In the context of statewide forecasting, long-distance trip-making... constitute(s an) important market segment(s), much more so than in urban models. Information describing these markets, and how these markets vary from state to state, is somewhat sparse, and many states do not have the resources to initiate original data collection to develop a set of model parameters... The 1995 American Travel Survey (ATS) datasets are dated; however, these data are the only long-distance data that provide statistically sound estimates of long-distance travel in and between the states. Although the 2001 National Household Travel Survey (NHTS) had a long-distance component, this survey did not have sufficient samples to calculate estimates of long-distance travel for most states (New York and Wisconsin were exceptions to this, because of the large add-on in the former and stratified sampling of the latter, although neither add-on was included in the official 2001 NHTS long-distance file)." onlinepubs.trb.org/onlinepubs/nchrp/nchrp_rpt_735.pdf

NCHRP Report 735 Transferable Parameters for long distance and rural trip-making (2012) is a valuable source of information on long distance travel. The NCHRP report explains how statewide models have fundamental differences from urban models due to long distance trip making and rural trips. The report contains chapters on:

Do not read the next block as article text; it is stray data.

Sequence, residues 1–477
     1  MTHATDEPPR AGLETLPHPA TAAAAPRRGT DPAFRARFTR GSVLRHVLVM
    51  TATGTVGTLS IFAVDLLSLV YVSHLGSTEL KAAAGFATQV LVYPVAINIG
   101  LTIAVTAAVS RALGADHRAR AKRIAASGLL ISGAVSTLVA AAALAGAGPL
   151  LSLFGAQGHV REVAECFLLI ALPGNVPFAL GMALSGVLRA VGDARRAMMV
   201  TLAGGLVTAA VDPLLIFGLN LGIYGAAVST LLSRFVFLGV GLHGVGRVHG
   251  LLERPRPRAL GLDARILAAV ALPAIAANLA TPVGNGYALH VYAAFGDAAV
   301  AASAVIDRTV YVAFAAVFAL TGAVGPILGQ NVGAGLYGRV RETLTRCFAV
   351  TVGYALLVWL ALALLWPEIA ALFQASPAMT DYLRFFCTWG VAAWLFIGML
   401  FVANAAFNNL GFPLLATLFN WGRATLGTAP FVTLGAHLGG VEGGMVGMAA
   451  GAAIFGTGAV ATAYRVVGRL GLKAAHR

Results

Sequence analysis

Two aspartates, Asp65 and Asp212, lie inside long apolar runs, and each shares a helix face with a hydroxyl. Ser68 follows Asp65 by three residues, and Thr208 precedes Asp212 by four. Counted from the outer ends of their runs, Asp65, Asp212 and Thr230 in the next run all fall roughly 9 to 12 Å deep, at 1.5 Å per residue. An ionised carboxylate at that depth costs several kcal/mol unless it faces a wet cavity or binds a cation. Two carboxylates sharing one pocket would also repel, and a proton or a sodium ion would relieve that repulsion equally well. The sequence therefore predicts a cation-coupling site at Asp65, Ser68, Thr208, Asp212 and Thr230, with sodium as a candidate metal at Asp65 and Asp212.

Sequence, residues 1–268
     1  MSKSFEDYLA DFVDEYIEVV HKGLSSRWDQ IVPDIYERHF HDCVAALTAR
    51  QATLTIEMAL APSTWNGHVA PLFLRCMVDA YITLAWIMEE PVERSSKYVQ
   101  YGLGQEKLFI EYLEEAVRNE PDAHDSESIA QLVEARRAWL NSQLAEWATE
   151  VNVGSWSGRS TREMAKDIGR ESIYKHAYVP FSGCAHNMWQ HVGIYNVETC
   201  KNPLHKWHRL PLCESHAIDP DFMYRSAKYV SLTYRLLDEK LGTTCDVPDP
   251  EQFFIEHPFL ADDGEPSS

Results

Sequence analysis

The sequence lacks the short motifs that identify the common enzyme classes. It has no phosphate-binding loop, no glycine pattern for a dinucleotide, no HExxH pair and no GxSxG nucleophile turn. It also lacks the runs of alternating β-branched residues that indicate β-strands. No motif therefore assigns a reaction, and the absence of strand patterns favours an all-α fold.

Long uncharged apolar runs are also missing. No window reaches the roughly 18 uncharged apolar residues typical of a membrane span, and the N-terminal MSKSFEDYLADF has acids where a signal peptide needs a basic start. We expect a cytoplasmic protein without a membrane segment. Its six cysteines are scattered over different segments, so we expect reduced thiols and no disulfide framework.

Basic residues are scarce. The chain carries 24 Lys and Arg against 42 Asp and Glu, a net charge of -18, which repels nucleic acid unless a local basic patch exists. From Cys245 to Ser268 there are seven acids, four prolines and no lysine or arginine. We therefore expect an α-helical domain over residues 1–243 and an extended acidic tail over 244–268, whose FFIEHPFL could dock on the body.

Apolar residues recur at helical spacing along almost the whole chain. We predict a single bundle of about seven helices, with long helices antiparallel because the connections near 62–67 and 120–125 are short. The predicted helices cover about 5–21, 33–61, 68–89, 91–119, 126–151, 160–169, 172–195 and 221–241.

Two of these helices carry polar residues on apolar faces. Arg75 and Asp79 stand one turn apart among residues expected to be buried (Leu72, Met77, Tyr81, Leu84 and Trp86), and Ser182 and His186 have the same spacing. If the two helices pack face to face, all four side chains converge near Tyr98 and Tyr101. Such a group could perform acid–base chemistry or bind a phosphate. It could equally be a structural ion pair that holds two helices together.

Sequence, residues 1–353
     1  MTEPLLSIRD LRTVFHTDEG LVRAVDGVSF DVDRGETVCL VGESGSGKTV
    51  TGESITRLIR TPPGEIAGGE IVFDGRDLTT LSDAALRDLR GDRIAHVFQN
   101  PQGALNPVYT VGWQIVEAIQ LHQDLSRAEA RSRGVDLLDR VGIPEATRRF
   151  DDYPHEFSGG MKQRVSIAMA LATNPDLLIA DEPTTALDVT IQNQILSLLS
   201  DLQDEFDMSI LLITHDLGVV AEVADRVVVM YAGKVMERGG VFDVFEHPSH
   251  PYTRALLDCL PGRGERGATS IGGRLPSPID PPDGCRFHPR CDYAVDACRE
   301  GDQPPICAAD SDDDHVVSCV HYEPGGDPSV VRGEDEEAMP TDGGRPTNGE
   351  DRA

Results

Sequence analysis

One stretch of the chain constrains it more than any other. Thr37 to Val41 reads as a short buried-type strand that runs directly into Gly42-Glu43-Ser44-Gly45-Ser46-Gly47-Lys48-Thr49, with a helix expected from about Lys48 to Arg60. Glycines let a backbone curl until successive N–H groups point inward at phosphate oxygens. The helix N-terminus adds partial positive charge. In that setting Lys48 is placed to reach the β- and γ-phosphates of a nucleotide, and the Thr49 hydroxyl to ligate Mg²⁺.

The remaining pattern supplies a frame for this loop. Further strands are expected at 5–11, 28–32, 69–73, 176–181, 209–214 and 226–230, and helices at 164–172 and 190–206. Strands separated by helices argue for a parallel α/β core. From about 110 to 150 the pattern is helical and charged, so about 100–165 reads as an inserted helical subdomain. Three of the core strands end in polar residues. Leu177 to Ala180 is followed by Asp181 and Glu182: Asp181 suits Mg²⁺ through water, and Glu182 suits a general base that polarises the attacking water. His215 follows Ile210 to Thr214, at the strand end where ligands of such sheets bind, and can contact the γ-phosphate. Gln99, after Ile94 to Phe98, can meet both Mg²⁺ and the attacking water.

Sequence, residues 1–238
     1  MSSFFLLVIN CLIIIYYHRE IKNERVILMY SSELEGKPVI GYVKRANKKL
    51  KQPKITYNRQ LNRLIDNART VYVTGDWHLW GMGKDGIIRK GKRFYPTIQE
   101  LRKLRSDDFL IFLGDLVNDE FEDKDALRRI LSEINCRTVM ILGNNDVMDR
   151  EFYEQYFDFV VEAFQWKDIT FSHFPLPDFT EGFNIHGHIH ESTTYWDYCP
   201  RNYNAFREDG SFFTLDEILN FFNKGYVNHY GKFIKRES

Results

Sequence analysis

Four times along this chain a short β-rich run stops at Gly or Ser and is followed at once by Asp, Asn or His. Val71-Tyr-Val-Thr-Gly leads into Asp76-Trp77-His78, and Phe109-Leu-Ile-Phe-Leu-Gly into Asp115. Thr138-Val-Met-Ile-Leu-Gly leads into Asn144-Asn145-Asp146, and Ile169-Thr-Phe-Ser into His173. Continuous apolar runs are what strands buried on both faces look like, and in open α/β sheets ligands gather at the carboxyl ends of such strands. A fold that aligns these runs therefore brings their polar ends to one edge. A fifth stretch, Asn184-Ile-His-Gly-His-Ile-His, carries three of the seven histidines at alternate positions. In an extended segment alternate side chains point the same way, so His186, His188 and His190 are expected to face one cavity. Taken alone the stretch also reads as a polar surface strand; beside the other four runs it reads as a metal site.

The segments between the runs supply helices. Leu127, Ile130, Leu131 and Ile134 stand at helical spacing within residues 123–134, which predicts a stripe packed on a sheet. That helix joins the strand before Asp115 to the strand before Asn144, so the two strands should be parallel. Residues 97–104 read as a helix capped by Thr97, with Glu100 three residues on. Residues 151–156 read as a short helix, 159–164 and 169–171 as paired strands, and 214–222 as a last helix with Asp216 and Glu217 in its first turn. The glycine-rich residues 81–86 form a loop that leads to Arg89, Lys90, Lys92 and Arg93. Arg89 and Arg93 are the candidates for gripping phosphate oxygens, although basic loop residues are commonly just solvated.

• long distance data sources;
  • transferability and typologies;
  • trip generation parameters and benchmark statistics;
  • auto occupancy and mode choice parameters; and
  • conclusions /comparisons.

The report also contains the following appendices:

  • Recent examples of long-distance travel demand studies (ORNL, UMD);
  • Travel behavior data from other countries;
  • Modal-based travel data;
  • Other demographic and origin-destination data;
  • Urban versus rural truck trips; and
  • Review of statewide models.
Post processing

under development

Case studies

Over 30 states across the U.S. have operational statewide models that are used for policy analysis. Some case studies exemplify how such models are designed and used to support statewide planning. If you know another statewide model really well, please add a short description here.

Georgia Statewide Model

Maryland Statewide Transportation Model (MSTM)

National models